You can say a lot of things about Mark Driscoll, and I often do, but he is one of the preachers in today’s world who is actually using theological concepts in his sermons. He doesn’t sugar coat anything and he doesn’t preach simply for the sake of his own voice (though he is often accused of such things). His sermons are passionate, clear, long, and theological.
There’s not any fluff in Mark’s sermons.
In case there is any confusion, this is the way things once were. Pastors have served as theological guides since the beginning. They’ve described hard concepts for parishioners to get and they’ve outlined things like salvation so that their understanding of the Scriptures is clear.
Mark may be wrong in many ways, but he is doing what others, recently, haven’t been.
Yesterday he said this, in regards to the St. Francis attribution, “Preach the Gospel at all times; when necessary, use words.”:
Mark’s view is clear: The Gospel must be preached, with words. Demonstration is not enough.
This is not a new idea by any means. At first though, I was struck by his tone. I mean, it’s St. Francis for God’s sake. St. Francis was all about demonstration of the Gospel. We remember St. Francis and his lifestyle more than many many who have preached the Gospel.
Mark’s understanding hinges around his conception of salvation, and I’ve made it clear in the past that I don’t agree with his concept of elected salvation much at all.
However, I tend to agree with him here. I suppose that Jesus’s command to preach the Gospel is significant, but Jesus’s command takes different forms at different points. In Mark, Jesus commands his disciples to enter ministry by casting out demons. In Matthew, Jesus gives direct command to the disciples after his resurrection to go make more disciples by baptizing them and telling others to follow his teachings. What, then, is ministry truly supposed to look like?
Probably, both and.
I agree with Driscoll.
Not because it might lead to damnation if you don’t, but because it is practical for the spreading of the message. Mercy, hospitality, help, etc are all important for the livelihood of the Gospel. They are things that Jesus and Christian history has spoken of time and time again. But, in practicality, are they enough to spread the Gospel?
The truth is, we communicate with each other through words. Sometimes these are developed languages, sometime they are little more than grunts. But we communicate with each other through vocal inflections that we mutually agree mean something. These inflections help us to understand things. These inflections help us to understand each other. These inflections help us to understand our actions.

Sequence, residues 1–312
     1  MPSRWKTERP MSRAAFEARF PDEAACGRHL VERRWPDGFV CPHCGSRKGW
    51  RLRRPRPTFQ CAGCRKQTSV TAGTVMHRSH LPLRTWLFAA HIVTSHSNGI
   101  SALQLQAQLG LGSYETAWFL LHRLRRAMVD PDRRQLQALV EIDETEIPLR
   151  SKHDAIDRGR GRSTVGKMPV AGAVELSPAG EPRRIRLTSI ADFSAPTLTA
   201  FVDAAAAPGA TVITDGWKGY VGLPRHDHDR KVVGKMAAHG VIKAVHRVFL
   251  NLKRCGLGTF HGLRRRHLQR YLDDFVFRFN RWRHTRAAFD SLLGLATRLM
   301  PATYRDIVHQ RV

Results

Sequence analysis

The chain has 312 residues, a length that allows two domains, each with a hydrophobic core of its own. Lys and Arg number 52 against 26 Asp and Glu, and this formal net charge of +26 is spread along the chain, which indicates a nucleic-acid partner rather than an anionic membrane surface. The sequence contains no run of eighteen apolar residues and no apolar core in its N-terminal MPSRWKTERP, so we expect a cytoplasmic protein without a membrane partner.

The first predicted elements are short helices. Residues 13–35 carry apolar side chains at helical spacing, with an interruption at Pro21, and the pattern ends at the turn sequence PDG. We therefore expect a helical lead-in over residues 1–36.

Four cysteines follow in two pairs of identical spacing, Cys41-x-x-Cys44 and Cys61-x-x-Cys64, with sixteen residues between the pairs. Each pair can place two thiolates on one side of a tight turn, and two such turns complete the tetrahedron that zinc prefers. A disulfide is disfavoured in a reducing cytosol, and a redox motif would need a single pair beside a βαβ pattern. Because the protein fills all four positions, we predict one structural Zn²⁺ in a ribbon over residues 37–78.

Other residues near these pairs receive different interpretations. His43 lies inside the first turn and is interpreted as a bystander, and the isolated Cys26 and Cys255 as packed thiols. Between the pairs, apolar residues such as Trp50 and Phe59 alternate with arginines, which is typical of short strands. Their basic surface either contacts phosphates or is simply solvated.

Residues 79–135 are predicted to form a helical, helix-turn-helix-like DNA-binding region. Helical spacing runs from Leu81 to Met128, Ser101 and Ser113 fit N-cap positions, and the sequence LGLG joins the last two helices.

Evangelism is, I think, a word that was hijacked by those trying to save souls. They used it for all kinds of things: monetary gain, bigger churches, among others. They used the crap out of it, over and over, even distinguishing themselves from the mainline denominations with it.
I think St. Francis’s quote has been used a lot as of late because society has begun to regard evangelists as crazed, religious people who fight with whatever powers they can until their bullhorns run out. Society hasn’t appreciated the Christian television programs because they seem inauthentic. So, Christians not associated with these people have turned to other ways of spreading the Gospel. And the quote has found a new home, within people who want to spread Christ’s love, and care little about telling people why.
But evangelism is a call upon Christians. A call for the future of the Church.
And it’s a call that some Christians are afraid to approach now because of the connotations of it in our society. And that’s a problem. Less and less churches in America have a steady string of members and attendees. Which means less and less Christians are being formed. And less and less Christians are being inspired to go and spread the Gospel. Which means that less and less Christians are hearing the Gospel story. Which means there are less and less Christians.
Which means that Jesus’s command isn’t being followed.
We should exhibit works of mercy. We should also preach, with words.